>Another function of the wonderful cap iron is to protect the face and confine wear to close the bevel  < 

Ha, ha, ha, aaahhhh, Ha, ha, ha, ha

Nah dude, nah

The only function of the cap iron is to get a hold of the blade so the mechanism can advance and retract it and it does that poorly.  Mostly the bloody thing  is just in the way and slows down getting the blade in and out to sharpen it. " Wonderful" is a term I could not possibly imagine applying to the cap iron.

 

   

roc

Give me six hours to chop down a tree and I will spend the first four sharpening the axe. Abraham Lincoln ( 54° shaves )

Lataxe's picture

Roc, Sharpening ideology (post #151311, reply #31 of 36)

Roc,

Sharpening ideology wars and the hysterical-historical disputes of the Woodworking Schoolmen and Pedants!  Wunnerful entertainment but imagine how one new to sharpening must feel about the above wedge of woffle weighing on one's conceptualiser organ.  I prefer your cut through their dark stuff.

Sharpening:

Obtain or grind a suitable bevel and a flat back at the edge-end (quality blades always come with both, these days).  If making one's own bevel, grinders, belt sanders, waterwheels or even kerbstones can all be used.  Take yer choice.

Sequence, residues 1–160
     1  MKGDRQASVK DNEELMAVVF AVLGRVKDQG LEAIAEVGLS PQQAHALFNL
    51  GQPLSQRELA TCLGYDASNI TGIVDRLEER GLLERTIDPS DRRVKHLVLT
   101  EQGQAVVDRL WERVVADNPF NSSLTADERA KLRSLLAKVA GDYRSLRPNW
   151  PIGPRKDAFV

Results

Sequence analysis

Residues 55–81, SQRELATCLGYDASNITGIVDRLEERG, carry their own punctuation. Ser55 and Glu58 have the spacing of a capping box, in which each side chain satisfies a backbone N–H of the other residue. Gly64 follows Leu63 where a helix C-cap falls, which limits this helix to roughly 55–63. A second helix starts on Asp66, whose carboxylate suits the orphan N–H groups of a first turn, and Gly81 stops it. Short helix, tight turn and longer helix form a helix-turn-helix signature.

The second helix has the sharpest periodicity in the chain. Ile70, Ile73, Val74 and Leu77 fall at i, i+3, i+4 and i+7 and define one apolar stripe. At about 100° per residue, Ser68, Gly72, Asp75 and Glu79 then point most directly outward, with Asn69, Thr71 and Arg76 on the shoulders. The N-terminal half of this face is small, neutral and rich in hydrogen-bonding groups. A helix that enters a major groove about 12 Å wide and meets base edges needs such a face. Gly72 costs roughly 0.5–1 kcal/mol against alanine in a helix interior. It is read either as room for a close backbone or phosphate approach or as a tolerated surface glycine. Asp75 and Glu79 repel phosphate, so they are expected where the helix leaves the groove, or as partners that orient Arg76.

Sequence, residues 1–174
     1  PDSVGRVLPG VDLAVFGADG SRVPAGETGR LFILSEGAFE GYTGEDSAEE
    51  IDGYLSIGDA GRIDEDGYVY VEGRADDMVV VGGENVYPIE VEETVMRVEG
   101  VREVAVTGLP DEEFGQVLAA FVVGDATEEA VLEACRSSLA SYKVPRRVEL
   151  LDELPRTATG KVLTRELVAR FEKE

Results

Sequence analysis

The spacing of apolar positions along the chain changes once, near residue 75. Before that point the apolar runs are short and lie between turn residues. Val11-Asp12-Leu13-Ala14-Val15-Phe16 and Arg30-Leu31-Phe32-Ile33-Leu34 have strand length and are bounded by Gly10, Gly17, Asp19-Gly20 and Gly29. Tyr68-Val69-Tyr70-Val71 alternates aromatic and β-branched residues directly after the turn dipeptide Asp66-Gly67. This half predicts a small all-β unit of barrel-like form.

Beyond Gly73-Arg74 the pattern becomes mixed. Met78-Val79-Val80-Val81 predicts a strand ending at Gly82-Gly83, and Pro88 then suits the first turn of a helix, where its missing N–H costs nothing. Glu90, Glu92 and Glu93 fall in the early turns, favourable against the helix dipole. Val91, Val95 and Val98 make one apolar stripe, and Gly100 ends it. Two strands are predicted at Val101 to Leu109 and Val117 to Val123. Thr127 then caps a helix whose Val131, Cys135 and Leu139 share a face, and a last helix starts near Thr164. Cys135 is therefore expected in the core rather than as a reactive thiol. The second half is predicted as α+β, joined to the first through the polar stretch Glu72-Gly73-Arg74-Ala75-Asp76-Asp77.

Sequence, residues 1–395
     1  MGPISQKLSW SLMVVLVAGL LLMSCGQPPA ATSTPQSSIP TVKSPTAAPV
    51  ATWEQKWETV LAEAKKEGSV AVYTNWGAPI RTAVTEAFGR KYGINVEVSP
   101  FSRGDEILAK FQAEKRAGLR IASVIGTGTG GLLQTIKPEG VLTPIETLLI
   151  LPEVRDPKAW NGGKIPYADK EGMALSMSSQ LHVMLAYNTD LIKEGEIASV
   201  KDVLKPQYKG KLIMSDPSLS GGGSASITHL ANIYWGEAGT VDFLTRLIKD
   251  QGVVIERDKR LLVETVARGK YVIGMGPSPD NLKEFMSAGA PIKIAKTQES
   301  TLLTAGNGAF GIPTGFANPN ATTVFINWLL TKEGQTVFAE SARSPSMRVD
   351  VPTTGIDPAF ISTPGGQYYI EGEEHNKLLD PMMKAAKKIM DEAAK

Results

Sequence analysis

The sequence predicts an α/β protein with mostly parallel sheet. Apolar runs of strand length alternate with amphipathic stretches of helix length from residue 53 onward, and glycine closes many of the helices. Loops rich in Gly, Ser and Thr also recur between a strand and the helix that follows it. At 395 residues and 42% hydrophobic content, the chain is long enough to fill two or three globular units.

Use the Brent Beach guide, or Charlesworth ruler-trick, if the back of the blade is too lumpy/wonky to make flat all over in less than a few minutes.  Or put the time in for more bladeback flat.  (Best to buy a modern blade with the back already flat).

Use a modern jig to put on a suitable microbevel and a camber if wanted, using any of the available sharpening materials via a succesion of medium, fine, superfine grits (diamond, waterstones, ceramic, microgrit paper even oilstones - they all work).

Keep the edge sharp via hand honing on a bit of rouge/oil-impregnated leather until the inevitable dubbing requires a remaking of the microbevel. Modern blade steels keep their edges a long time so honing takes a few minutes per hours of planing or chiselling; remaking bevels then takes even less time per cutting hours.